The Jews of Khazaria (英語) ハードカバー – 2006/9/30
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The Jews of Khazaria chronicles the history of the Khazars, a people who, in the early Middle Ages, founded a large empire in eastern Europe (located in present-day Ukraine and Russia). The Khazars played a pivotal role in world history. Khazaria was one of the largest-sized political formations of its time, an economic and cultural superpower connected to several important trade routes. It was especially notable for its religious tolerance, and in the 9th century, a large portion of the royal family converted to Judaism. Many of the nobles and commoners did likewise shortly thereafter. After their conversion, the Khazars were ruled by a succession of Jewish kings that began to adopt the hallmarks of Jewish civilization, including the Torah and Talmud, the Hebrew script, and the observance of Jewish holidays. In this thoroughly revised edition of a modern classic, The Jews of Khazaria explores many exciting new discoveries about the Khazars' religious life, economy, military, government, and culture. It builds upon new studies of the Khazars, evaluating and incorporating recent theories, along with new documentary and archaeological findings. The book gives a comprehensive accounting of the cities, towns, and fortresses of Khazaria, and features a timeline summarizing key events in Khazar history.
This second, revised edition of Kevin Brook's well-received publication in 1999 of The Jews of Khazaria, integrates important new data culled from ongoing archaeological digs in southern Russia and the Crimea, genetic results of DNA processing, examination of formerly unknown or ignored coin hordes, and the continuing research of scholars around the world. It succeeds in elucidating controversial issues, while contextualizing the Khazar polity within the competitive 9th-11th-century world of Byzantium, the Arab Caliphate, and two regional upstarts: the Dnepr-based aggregate of Nordic, Slavic, and Turkic peoples known as Rus', and the Turkic-Islamic kaganate of Bulgar flourishing in the middle and upper Volga territory. As a full exploration in English of the history and culture of the Khazars, this volume is without equal, and would be quite useful reading in courses focused on the Kievan period of Russian history, as well as broader ones treating the dynamics of Central Eurasian history during these lively and formative centuries.--Edward J. Lazzerini, Indiana University商品の説明をすべて表示する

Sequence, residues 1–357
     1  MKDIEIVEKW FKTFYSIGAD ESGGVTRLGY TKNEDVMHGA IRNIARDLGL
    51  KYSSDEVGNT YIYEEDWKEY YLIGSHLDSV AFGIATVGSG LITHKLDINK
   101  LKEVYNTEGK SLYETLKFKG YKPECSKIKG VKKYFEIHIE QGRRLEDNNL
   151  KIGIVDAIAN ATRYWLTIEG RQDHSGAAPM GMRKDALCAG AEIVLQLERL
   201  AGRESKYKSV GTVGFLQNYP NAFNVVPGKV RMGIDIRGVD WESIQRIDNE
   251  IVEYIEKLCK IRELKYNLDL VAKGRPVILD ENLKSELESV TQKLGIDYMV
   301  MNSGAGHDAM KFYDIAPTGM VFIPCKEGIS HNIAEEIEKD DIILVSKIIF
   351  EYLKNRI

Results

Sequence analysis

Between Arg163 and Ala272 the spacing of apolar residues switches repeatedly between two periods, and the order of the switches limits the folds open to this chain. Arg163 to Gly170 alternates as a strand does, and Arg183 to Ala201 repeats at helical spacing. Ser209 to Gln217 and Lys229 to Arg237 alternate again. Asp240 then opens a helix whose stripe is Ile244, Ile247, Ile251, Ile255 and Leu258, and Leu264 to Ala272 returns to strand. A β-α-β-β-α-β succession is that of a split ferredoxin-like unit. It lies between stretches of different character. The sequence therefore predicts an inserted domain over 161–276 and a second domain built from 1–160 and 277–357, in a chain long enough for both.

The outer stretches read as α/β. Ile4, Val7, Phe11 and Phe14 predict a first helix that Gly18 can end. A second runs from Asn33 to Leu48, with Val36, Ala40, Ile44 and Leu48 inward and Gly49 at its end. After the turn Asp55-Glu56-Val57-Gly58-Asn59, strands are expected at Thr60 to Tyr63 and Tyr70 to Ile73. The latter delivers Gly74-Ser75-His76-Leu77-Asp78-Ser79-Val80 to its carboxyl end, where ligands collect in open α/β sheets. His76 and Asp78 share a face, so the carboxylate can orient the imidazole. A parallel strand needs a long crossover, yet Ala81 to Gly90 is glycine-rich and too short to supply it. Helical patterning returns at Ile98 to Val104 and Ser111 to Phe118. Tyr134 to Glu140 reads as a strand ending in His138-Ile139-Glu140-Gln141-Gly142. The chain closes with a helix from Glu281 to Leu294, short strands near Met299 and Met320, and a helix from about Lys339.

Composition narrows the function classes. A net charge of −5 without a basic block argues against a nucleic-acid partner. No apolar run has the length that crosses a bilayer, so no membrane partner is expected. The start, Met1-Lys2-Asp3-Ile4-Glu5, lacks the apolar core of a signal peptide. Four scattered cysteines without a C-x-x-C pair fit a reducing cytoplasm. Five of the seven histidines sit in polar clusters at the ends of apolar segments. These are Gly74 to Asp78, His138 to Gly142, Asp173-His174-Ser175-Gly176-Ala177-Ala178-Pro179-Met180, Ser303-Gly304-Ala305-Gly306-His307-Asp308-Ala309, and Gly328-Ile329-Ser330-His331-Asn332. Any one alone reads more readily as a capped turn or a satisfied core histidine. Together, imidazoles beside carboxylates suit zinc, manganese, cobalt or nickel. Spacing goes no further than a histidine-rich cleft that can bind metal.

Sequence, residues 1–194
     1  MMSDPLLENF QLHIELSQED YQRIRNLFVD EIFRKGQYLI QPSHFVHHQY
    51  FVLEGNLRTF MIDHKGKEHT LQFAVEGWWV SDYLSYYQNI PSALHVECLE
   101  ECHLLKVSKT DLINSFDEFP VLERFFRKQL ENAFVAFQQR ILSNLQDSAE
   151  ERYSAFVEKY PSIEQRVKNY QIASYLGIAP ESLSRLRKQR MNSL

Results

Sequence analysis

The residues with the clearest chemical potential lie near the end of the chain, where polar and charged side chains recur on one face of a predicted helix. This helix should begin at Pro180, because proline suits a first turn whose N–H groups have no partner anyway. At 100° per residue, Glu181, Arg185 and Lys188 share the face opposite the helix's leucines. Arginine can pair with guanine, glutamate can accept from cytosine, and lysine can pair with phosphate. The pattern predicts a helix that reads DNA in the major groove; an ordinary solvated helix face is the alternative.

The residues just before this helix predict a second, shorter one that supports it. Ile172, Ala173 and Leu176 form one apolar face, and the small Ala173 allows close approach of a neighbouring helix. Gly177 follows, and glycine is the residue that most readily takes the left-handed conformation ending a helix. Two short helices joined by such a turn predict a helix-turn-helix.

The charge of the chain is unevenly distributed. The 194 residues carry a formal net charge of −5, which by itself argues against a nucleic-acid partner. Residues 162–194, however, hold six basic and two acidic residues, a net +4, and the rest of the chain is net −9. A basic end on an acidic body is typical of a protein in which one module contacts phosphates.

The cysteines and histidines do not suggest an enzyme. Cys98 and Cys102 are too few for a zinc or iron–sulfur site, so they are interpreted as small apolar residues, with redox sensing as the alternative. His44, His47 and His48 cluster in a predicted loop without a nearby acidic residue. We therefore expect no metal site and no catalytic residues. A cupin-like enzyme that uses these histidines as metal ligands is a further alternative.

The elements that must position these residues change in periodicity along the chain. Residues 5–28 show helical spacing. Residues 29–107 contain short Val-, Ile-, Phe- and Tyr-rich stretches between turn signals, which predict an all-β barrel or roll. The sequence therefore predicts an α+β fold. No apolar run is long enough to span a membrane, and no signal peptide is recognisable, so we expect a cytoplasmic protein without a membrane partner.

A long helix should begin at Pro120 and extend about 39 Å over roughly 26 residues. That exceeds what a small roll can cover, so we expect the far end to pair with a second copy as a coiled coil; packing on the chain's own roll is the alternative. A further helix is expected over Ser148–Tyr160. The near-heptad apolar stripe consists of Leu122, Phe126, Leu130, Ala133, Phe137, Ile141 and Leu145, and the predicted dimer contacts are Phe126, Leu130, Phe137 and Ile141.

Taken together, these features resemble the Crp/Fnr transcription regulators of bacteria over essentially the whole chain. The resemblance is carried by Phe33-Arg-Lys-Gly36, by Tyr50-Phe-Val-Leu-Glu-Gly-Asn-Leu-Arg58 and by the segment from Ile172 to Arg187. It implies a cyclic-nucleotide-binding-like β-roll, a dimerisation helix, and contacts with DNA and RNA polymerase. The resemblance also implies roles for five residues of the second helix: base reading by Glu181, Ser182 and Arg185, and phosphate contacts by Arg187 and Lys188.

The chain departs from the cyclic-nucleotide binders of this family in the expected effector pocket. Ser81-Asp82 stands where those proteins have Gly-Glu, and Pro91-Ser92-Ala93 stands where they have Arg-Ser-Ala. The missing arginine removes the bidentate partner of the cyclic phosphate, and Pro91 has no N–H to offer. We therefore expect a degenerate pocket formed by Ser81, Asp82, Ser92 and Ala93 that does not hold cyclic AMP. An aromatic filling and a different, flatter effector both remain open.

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Brook, a layman himself (albeit a lay expert), has meticulously collected thousands of tidbits of historical knowledge and lore from a myriad of primary and secondary sources
Brook's first edition (published by Jason Aaronson in 1999) was a masterpiece in and of itself, but it was flawed by the certainty of certain controversial assertions (such as that the conversion of the Khazars took place in 861) which have, over the course of only a few years, become outdated by dramatic new discoveries in numismatics and archaeology. This second edition of Brook's magnum opus corrects many errors and also includes information on new discoveries, organized into convenient, intuitive and well-cited sections (including "The Origins of the Khazars", "The Khazars' Conversion to Judaism", and "Relations between the Khazars and other People".)
Khazar history is brought to life through discussions of trade, religion, daily life, language, and many other issues. Anyone interested in Jewish, Eastern European or Eurasian history, or anyone who fancies themselves a polymath, would be remiss if they failed to purchase and read this book.
I wanted to learn more about the remarkable empire that was Khazaria, and this book did an excellent job. As a bonus, I enjoyed the detailed history of the Jewish communities in Eastern Europe. I had no idea there were so many enclaves!
My only complaint is that the book starts off a little slow. You have to get thru the first chapter or two, but then it seems to take off like a rocket. I couldn't put it down after that.
Anyway, the book gives a thorough description of the Khazars from their pre-Jewish origins as a Turkic people, through the conversion, and the building of, and subsequent decline of the Khazarian empire, which included a diaspora of Khazarian Jews into Central Asia, Eastern Europe, and the Middle East. Brook finishes with a discussion of whether or not the Khazars are the ancestors of the modern day Ashkenazi Jews. So, this might not be the most compelling read, but if you're looking to learn about the Khazars, you don't have much choice! Four stars.